Of the 700-odd Indians having foreign bank accounts, not all can be deemed to be operating these illegally.
An Indian resident is allowed to open an foreign bank account under the Liberalised Remittance Scheme for undertaking current or capital account transactions.
They can remit money from India - only up to a specified limit within a financial year - as prescribed under the Foreign Exchange Management Act (Fema) of 1999.
Tax experts say at the time of opening an account, it is advisable for such persons to first approach an authorised dealer, appointed under Reserve Bank of India (RBI) guidelines.
"This would establish their intent that they will be using this account only for money that will be remitted under the Liberalised Remittance Scheme," says Kishore Joshi, senior associate from corporate law firm Nishith Desai Associates.
Moreover, the account holder has to meet the know-your-customer compliance requirements of the foreign bank. Any deviation from the prescribed format of opening an overseas account can raise the red flag with banking and tax authorities.
Further, once the bank account is opened, credit to such an account has to be from the resident's Indian account through normal banking channels.
Under Fema regulations, there is no restriction on an Indian resident to get a loan from a foreign bank in which he has an account. However, the account holder is not allowed to provide any guarantee to the foreign lender bank, without prior RBI approval.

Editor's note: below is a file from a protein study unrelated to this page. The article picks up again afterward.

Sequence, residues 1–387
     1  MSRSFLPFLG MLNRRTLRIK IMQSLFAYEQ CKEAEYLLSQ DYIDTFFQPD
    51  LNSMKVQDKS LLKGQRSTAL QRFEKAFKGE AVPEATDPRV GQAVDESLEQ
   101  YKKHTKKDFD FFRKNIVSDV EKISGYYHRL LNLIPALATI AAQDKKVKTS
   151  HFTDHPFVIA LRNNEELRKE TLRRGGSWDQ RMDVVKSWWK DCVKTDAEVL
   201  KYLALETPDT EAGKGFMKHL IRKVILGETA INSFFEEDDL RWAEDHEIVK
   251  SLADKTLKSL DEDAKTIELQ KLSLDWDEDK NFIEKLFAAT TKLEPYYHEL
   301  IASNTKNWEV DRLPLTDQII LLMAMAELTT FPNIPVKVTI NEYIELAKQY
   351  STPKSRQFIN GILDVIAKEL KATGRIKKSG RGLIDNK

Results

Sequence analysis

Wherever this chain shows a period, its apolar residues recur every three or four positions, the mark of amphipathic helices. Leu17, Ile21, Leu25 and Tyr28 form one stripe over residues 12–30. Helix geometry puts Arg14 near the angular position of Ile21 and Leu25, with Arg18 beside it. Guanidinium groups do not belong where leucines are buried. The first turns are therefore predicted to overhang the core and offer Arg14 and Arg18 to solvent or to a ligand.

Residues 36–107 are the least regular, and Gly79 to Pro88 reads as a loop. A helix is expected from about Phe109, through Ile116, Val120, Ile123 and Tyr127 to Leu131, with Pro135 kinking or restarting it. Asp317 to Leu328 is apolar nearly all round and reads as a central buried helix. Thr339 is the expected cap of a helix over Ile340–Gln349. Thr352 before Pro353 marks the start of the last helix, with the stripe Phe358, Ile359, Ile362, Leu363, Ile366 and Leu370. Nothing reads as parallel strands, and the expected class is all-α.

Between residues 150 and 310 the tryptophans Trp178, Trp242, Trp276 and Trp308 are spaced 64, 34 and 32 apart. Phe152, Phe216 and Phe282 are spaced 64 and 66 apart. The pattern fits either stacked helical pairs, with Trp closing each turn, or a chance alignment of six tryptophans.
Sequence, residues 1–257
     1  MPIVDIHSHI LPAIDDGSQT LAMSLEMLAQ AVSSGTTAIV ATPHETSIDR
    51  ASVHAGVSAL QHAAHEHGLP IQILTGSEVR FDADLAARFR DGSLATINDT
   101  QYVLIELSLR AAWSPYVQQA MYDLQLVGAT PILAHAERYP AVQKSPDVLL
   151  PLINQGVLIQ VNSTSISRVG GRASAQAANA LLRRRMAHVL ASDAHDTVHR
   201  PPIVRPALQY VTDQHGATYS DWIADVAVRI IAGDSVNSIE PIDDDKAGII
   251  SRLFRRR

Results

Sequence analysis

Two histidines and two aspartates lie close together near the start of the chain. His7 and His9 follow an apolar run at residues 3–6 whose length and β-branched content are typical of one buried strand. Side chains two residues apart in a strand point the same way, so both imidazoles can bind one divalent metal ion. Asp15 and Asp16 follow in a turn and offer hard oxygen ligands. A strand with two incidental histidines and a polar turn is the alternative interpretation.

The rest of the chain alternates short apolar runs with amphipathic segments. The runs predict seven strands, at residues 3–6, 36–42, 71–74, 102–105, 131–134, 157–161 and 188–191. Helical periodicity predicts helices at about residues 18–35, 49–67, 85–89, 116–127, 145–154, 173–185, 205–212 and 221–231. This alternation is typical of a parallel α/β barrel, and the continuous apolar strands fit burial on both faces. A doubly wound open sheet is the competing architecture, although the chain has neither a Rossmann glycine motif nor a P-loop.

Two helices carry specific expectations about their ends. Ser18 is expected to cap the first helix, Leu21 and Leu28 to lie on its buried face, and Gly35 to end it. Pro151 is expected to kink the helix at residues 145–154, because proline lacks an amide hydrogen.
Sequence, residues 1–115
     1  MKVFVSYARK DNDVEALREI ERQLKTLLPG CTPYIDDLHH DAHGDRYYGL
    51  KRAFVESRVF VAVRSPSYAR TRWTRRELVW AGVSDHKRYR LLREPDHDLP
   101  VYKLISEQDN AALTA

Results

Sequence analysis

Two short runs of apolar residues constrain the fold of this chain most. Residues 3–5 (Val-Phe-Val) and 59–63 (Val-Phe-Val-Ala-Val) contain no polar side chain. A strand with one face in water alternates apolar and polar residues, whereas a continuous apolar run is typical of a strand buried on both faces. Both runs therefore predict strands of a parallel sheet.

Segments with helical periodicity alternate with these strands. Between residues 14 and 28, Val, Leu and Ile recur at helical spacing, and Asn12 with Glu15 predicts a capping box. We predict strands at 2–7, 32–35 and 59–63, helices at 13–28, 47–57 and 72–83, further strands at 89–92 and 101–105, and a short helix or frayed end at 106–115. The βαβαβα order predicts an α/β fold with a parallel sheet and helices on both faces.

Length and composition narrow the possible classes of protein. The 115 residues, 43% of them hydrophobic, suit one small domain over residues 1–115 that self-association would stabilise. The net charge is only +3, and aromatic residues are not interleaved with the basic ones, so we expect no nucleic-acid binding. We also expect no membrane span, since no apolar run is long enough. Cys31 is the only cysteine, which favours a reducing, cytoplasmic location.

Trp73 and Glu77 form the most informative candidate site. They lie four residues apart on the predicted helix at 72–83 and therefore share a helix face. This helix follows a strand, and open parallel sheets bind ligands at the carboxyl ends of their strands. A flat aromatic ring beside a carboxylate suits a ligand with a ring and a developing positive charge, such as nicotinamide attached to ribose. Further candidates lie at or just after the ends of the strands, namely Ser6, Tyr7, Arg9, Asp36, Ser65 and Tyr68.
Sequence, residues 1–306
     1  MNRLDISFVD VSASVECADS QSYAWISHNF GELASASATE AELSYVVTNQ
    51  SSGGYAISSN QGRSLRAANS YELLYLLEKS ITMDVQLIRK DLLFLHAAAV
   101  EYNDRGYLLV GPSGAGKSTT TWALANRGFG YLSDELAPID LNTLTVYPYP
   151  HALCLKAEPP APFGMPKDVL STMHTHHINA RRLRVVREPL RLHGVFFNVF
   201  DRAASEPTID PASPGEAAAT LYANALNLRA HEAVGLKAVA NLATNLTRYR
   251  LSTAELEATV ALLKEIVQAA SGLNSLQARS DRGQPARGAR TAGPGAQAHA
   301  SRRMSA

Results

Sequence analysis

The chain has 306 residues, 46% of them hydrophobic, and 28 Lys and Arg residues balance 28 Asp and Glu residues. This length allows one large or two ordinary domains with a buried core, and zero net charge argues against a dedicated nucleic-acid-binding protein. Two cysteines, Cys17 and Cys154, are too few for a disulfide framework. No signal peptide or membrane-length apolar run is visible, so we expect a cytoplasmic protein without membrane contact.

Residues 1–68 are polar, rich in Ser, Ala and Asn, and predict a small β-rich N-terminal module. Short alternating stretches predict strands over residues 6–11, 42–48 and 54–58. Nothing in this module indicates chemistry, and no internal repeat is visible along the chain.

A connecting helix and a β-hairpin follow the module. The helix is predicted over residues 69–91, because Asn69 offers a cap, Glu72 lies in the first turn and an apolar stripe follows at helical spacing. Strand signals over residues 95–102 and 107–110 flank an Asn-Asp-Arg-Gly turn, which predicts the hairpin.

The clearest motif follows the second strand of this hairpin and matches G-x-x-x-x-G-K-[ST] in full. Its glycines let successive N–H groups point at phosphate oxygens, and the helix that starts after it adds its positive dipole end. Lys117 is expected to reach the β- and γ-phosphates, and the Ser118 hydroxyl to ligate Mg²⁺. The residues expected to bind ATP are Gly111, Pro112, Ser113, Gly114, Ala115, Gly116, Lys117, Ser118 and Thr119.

Tax experts say any amount received in the foreign bank account, in the form of any fees or any other income for any services rendered from India, has to be brought back to the country within a specified period of time.
Joshi warns holders of foreign bank account – opened under Liberalised Remittance Scheme - to avoid using the funds for investing back in India.
Separately, the Resident Indian should avoid utilizing the monies in the said foreign bank account opened under LRS, for investing back into India.
“While there is no specific prohibition under the exchange control laws for round tripping, the RBI and the Ministry of Finance have been expressing their concerns on the round tripping transactions,” he adds.
As an exception, a person resident in India, who was a NRI earlier, and had a foreign bank account opened then, can continue to hold and maintain it even after returning to India. FEMA provisions allow such a person resident in India to use foreign bank accounts for any purpose without any monetary limits.
When it comes to income tax treatment, an ordinary resident is taxed on their worldwide income - wherever arising or received or earned on overseas as well as Indian bank account.
According to Parizad Sirwalla, Partner and Head of Global Mobility Services Tax, KPMG in India, Indian residents are required to make a disclosure in the tax return form in respect of their assets - including bank accounts, investments, properties, interest in trusts - situated outside India.
They are also subject to wealth tax on specified assets - that includes urban land, motor car, more than one house, which is not rented for more than 300 days, jewellery bullion, among other things - situated outside, and in India, she adds.
So, those residents with overseas bank account violating any provisions of FEMA or the income-tax laws are the ones may need to get their act into place, to be on the right side of the law.